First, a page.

I know that in the old days of ‘sticky dogs’ the ball would fly around as a wet wicket dried and batsmen rarely lasted long against bowlers of skill. By the same token, such wickets with the law changes are no longer acceptable. I like to see cricket wickets where the bowler can test a batsman, but there’s a world of difference between having your technique examined and your features rearranged.
Ashley Giles is claiming that the development work at the ground is behind the problem. Fair enough, but if they can’t get better surfaces than that, they should be using outgrounds more often at present. Having turned the square around, Derbyshire’s groundstaff are to be commended on wickets that produce excellent cricket so far this year. Successive championship home matches have gone to the last afternoon and one can ask for no more than that. There seems to be early assistance for bowlers and encouragement for them thereafter, exactly as it should be.
Warwickshire should have been docked the maximum points. Whatever the reason, an unsafe pitch is an unsafe pitch. Any county penalised for a track that ‘only’ offers bowlers too much help from here has a right to feel aggrieved.
Do you think we’d have got away with it?
PS Speaking of Adrian Pierson, it was nice to hear from him in relation to our current situation. The ex-Derbyshire coach, now a pilot, posted as follows:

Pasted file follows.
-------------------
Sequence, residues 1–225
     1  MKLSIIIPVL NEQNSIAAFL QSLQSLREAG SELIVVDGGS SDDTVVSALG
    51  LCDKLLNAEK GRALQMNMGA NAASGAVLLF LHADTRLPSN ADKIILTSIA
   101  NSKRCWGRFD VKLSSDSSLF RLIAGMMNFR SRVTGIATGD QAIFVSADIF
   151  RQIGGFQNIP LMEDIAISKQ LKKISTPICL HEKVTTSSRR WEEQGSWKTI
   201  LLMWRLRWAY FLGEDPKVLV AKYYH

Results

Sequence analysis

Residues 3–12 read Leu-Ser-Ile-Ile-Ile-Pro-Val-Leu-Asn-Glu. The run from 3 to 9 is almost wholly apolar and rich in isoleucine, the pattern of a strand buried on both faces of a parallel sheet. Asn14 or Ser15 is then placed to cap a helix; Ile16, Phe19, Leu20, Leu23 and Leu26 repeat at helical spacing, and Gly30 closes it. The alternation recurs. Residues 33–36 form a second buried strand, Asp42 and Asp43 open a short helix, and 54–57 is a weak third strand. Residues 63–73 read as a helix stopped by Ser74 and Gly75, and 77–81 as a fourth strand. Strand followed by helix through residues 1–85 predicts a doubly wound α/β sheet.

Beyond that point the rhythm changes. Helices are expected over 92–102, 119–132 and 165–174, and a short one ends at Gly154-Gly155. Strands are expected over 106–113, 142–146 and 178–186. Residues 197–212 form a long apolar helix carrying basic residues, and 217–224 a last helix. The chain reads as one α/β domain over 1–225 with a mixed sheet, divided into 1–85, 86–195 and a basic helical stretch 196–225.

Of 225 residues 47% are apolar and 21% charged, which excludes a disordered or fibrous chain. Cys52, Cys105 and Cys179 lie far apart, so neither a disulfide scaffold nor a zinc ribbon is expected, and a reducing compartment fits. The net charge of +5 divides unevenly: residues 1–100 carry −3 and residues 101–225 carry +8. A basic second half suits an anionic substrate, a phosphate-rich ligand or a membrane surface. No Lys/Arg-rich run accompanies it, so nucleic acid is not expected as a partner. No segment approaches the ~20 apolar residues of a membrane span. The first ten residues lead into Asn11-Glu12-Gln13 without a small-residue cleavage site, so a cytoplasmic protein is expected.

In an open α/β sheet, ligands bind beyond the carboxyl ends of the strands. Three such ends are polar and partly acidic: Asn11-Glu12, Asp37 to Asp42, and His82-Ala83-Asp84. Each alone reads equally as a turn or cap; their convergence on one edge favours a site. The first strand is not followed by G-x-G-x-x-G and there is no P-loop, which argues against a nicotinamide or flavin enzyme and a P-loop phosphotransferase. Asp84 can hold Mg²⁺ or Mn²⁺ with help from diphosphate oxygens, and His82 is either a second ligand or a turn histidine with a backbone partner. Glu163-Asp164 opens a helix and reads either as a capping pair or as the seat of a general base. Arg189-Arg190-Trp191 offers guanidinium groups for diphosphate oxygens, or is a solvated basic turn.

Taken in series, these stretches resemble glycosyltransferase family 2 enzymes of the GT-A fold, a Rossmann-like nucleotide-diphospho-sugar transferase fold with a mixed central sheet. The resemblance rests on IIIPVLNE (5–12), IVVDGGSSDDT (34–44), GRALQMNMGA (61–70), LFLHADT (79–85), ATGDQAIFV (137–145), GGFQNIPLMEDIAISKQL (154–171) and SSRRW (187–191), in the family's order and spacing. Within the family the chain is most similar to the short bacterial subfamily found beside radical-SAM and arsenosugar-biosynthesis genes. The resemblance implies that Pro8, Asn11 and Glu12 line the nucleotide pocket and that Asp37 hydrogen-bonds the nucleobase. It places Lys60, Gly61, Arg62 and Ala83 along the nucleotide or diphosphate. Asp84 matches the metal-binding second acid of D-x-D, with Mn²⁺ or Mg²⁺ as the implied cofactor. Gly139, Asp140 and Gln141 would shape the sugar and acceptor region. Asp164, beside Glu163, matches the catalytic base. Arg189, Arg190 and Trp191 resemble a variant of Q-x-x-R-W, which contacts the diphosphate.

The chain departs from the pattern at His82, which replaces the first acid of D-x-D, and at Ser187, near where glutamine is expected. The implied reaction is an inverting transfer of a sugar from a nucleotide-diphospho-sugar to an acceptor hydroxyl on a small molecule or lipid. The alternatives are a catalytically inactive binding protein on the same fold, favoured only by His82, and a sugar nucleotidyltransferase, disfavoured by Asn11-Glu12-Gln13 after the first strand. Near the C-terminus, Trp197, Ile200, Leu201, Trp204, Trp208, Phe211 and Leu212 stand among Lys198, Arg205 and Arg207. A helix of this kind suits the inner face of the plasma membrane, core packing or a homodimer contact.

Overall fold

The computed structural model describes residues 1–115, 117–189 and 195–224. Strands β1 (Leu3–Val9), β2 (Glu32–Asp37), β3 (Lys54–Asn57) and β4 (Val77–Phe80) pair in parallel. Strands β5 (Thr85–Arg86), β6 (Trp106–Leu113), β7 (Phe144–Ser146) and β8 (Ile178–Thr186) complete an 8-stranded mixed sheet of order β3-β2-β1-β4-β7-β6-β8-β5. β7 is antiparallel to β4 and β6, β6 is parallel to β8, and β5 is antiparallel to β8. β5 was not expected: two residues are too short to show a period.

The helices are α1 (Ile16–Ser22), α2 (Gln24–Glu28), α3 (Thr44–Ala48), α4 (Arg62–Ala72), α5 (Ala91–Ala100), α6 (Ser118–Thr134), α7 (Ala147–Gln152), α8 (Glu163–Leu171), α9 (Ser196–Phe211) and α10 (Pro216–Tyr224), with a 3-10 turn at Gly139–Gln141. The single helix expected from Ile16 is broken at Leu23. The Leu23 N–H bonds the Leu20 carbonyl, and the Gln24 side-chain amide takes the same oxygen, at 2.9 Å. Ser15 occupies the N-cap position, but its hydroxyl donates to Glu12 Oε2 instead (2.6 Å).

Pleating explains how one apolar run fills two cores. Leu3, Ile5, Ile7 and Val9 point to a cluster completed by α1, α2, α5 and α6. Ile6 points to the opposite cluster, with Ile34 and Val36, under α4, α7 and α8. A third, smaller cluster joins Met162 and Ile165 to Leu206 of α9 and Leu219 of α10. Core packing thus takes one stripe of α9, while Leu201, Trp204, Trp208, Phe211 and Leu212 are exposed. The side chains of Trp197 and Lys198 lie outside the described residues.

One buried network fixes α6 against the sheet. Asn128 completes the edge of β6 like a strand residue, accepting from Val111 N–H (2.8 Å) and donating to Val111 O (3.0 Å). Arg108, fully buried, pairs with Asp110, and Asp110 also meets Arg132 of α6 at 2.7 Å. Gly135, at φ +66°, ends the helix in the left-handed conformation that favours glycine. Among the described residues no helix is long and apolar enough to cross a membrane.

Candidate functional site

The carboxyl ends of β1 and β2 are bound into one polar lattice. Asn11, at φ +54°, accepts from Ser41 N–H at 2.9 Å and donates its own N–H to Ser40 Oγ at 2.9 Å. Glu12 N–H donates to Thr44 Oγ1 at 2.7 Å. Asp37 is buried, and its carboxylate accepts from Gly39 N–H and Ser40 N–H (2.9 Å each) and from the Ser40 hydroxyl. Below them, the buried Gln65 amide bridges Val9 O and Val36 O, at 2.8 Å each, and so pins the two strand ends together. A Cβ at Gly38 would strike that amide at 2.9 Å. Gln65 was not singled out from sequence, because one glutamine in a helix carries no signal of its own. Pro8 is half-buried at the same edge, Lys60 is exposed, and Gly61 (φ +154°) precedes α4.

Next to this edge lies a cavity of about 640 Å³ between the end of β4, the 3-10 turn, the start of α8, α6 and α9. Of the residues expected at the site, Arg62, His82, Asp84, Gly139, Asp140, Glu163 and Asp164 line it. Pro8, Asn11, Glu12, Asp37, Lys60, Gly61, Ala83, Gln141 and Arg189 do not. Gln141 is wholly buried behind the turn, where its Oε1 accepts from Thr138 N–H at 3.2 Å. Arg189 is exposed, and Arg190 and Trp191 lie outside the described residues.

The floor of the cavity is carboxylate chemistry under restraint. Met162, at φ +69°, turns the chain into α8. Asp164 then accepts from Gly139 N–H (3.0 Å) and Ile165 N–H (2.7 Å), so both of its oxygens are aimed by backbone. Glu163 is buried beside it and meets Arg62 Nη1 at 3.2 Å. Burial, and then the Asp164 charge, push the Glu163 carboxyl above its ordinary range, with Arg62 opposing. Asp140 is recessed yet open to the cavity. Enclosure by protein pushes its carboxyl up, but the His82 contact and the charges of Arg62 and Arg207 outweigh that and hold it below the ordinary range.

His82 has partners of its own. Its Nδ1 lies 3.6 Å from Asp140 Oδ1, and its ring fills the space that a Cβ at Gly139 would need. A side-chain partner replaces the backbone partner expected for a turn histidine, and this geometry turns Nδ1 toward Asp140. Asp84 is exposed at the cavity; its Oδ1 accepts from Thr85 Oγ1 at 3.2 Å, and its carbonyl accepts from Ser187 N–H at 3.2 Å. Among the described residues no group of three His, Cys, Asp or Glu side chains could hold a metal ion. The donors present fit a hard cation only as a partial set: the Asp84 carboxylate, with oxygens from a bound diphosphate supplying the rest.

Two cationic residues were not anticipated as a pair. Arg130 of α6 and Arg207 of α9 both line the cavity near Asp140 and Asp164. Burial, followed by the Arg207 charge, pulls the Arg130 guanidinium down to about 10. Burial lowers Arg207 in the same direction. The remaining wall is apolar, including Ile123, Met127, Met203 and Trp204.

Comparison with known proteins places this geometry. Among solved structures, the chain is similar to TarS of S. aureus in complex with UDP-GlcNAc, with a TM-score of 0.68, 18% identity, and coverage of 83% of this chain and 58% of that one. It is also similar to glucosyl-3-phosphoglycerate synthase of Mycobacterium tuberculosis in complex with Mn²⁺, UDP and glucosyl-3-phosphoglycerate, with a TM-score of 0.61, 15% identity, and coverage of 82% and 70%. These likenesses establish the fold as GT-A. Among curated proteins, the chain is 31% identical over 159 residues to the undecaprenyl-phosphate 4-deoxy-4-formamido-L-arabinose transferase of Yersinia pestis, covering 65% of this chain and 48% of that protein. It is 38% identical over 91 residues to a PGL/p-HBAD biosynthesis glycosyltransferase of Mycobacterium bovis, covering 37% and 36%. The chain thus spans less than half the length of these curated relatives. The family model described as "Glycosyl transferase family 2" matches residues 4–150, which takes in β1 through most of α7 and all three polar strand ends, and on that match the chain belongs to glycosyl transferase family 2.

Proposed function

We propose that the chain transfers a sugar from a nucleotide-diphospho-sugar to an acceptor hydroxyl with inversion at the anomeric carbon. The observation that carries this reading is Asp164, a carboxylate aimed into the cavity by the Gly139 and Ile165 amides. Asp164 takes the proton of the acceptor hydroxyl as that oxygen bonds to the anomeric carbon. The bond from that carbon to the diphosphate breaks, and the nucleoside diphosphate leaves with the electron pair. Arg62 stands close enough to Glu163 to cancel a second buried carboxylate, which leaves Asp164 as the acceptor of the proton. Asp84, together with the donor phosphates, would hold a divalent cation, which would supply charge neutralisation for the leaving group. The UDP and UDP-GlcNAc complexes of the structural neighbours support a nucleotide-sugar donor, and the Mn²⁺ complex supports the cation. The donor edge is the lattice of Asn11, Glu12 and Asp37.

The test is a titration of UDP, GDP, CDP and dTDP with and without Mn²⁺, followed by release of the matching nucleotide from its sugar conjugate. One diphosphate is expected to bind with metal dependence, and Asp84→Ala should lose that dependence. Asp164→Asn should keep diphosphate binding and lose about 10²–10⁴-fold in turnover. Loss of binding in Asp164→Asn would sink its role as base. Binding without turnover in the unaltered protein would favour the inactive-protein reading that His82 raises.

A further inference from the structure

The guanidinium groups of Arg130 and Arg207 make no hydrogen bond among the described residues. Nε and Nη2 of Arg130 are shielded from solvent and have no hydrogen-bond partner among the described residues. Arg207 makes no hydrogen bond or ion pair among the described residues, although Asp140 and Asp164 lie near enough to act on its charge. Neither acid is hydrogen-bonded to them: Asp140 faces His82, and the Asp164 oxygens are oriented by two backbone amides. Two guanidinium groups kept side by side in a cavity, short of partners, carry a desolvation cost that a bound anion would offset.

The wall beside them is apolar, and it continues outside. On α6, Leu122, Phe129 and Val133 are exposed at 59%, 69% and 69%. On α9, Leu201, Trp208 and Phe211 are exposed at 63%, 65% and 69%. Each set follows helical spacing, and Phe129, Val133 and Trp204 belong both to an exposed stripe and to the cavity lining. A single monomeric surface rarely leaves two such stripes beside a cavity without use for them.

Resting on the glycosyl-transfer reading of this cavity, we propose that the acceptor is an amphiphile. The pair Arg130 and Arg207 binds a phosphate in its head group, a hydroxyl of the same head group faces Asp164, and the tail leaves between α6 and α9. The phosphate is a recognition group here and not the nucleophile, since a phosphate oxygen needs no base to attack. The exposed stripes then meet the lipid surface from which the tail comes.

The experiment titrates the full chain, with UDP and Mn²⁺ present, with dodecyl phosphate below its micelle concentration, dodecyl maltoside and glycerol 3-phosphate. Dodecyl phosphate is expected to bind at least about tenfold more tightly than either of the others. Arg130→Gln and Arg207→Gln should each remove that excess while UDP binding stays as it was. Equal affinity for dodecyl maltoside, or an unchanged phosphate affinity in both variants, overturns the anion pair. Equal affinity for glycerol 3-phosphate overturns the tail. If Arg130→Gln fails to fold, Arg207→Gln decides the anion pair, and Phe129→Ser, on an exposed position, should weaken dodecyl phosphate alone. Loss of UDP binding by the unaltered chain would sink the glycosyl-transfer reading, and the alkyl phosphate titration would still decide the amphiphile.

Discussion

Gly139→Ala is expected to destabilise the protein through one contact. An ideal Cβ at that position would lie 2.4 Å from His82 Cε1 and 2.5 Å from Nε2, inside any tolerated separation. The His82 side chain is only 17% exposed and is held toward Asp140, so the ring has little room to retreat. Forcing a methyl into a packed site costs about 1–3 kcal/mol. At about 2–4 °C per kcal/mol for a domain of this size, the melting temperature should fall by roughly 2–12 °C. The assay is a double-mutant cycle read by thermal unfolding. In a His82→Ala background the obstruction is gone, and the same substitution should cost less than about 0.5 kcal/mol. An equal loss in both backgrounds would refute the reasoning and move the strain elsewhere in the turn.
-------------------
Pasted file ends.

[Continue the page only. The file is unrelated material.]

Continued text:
The best man for the position is already there!!!! Luke Sutton as player manager... He is an excellent man manager and motivator, he understands the game and leads by example. The fact that he is not of "outstanding" talent is also to his advantage because he has to work hard to achieve. The bare fact is the club has limited cash to invest in the best, therefore the committee has to target specific competitions to win and structure the squad accordingly. Going for high profile names such as Ricky Ponting is a costly risk. Also going for 'old' ex-player favourites doesn't mean that they have the required people skills necessary to empower the players to express themselves with confidence AND play for each other. Save the "new coach" fee and invest it in the TEAM!
All the best to you; the supporters and the CLUB.
Adrian Pierson (very ex-manager)
Thanks for getting in touch Adrian - I hope things go well for you and its good to see you still follow the club's fortunes!